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The Psychotherapy No-Show

Empty waiting room.  Wait 10 minutes.  Call the client.  Get voicemail, or, “Oh, geez, I forgot, I’m all the way across town, guess I’ll just see you next week.”

You have to charge for missed sessions.  You just have to.  Heck, my OWN analyst charges me for a session every week, and it’s up to me whether or not I show up!  (He lets me shift the time when I need to.  I’m more impressed than resentful.  Actually I’m not resentful at all.  You mean you’re not conscious of any resentment?  Anyway.)

Good article from the Psychotherapy Finances website summarizing some guidelines on how to enforce a no-show policy without being a hard-nose.

8 steps for eliminating no-shows and cancellations

An empty therapy hour is like an empty airline seat–it represents lost income that can never be recovered. And while most clinicians employ written policies making clients responsible when they cancel appointments without notice, in our experience the rule is frequently waived.

A better strategy is to nip the problem in the bud by adopting policies that cut down on no-shows. In this report, we offer advice for doing just that from three practice consultants quoted frequently in PsyFin.

1. Explain your policy on the phone when clients make their first appointment, says California clinician Holly Hunt. It might seem that starting the therapeutic relationship that way would be a turn-off–but Hunt says her first-session no-shows actually decreased after she started doing it.

2. Try to establish a connection with the client over the phone at first contact, says Wisconsin’s Karen Carnabucci, rather than just covering the basics and making an appointment. “When they arrive, it feels like our second appointment rather than our first,” she says. “I also refer them to my website so they get another connection in addition to my voice.”

3. You can be firm without being hardnosed. In Florida, Dwight Bain does it this way: A) clients get one free cancellation; B) thereafter, they must give 24 hours notice; C) a missed session has a $75 price tag–not the full fee–which for Bain is $165. The policy is spelled out clearly at intake, both in writing and verbally.

4. Do some trouble-shooting. If clients seem to have trouble making it to their appointments, says Carnabucci, try changing the day or time. “They may have issues around child care, or late hours at work. I try to address that. I tell them, ‘Maybe we should consider a different time.’”

5. Follow the lead of many physicians and dentists: Call patients a day in advance to remind them. Bain hired a college student to make these calls, and reports that his no-shows fell by 30%-40% almost immediately. Of course, clients need to sign off on that. Your intake form can include language like this: “I understand that [the therapist] will make a discreet phone call to remind me of my appointment 24 hours in advance. I prefer that the following telephone number be used for this purpose: ________.”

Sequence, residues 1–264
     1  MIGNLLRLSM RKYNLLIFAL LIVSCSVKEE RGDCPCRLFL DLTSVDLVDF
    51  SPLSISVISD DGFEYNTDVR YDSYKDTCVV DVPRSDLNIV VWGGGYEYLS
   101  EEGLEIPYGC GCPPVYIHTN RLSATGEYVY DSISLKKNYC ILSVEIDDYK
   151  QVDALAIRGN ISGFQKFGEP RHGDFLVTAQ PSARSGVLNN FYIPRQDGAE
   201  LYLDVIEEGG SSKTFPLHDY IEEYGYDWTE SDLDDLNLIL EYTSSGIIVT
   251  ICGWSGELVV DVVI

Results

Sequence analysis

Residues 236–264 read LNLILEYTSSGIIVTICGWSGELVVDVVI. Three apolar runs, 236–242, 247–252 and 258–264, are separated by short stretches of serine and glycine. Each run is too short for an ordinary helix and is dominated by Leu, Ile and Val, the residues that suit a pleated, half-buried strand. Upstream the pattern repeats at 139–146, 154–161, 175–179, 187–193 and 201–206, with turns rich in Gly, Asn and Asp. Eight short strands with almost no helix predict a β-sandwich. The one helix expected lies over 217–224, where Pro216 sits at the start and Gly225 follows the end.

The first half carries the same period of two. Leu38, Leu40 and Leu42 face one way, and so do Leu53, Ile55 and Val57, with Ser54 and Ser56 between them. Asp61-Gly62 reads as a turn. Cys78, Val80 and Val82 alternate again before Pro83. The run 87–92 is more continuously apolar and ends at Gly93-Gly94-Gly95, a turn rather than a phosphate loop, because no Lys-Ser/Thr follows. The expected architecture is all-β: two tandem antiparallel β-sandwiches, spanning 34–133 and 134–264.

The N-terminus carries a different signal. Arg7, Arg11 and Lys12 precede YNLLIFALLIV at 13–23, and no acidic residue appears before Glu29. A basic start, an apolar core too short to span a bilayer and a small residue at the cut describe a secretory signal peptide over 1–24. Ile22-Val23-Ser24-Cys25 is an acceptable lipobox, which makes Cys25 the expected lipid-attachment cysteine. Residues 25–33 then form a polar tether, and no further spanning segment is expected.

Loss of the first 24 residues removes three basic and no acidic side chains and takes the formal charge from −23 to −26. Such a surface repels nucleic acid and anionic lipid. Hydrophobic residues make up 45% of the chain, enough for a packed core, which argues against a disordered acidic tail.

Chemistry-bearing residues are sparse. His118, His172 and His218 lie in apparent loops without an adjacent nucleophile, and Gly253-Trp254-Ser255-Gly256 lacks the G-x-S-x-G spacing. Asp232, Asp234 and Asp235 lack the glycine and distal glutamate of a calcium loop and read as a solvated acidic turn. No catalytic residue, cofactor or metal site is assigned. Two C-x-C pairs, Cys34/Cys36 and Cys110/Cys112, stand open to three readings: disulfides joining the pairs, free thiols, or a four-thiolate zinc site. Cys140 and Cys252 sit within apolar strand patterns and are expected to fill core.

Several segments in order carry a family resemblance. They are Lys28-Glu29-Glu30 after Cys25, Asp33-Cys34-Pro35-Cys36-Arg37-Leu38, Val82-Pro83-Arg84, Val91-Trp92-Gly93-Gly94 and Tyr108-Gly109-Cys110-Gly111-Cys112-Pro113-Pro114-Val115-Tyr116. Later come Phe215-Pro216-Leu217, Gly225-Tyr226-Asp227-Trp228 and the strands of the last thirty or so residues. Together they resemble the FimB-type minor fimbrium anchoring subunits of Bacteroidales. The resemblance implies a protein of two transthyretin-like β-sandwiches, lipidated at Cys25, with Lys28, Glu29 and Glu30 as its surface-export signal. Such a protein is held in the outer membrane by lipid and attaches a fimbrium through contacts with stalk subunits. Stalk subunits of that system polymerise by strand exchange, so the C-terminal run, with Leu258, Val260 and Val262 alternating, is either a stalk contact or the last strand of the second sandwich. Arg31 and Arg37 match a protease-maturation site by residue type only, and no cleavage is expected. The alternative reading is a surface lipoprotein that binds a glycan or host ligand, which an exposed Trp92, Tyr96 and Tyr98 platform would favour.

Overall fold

6. Don’t put off collecting for missed sessions. As with any collection job, the longer you let it go, the less likely you are to collect. Ideally, clients should pay at the next session. So after no-shows, you should have that bill ready and waiting. (That’s a big reason why we recommend that you accept credit card payments. It allows you to say, “Forgot your check book? No problem–I take Visa and Mastercard.”)

7. Make up your mind how tough you’re going to be if clients just won’t pay. Not very, Bain recommends. He says he collects for no-shows “about 95% of the time,” but never uses a collection company. Remember that many lawsuits and board complaints have their genesis in hurt feelings over money.

Hunt advises clinicians to send one bill after a no-show–but then drop it. “My experience is it doesn’t add anything to send two or three or more bills. Usually if a client doesn’t follow through on the first bill, it’s just a lot of effort with diminishing returns.”

8. With managed care clients, you may be able to bill the client directly for missed session. But you should check with the company first. (Many managed care plans do allow this, but most EAPs don’t.) And remember that you have to bill the managed care rate–not your full fee.

Contacts: 1) Dwight Bain, Winter Park, FL, (407)647-3900            (407)647-3900     www.lifeworks group.org; 2) Karen Carnabucci, Racine, WI, (262)633-2645 (262)633-2645      www.lakehouse center.com (Carnabucci is also quoted in the “Marketing” article beginning on page 4); 3) Holly Hunt, Long Beach, CA, (562)987-8947 (562)987-8947      www.essentialsofprivate practice.com.


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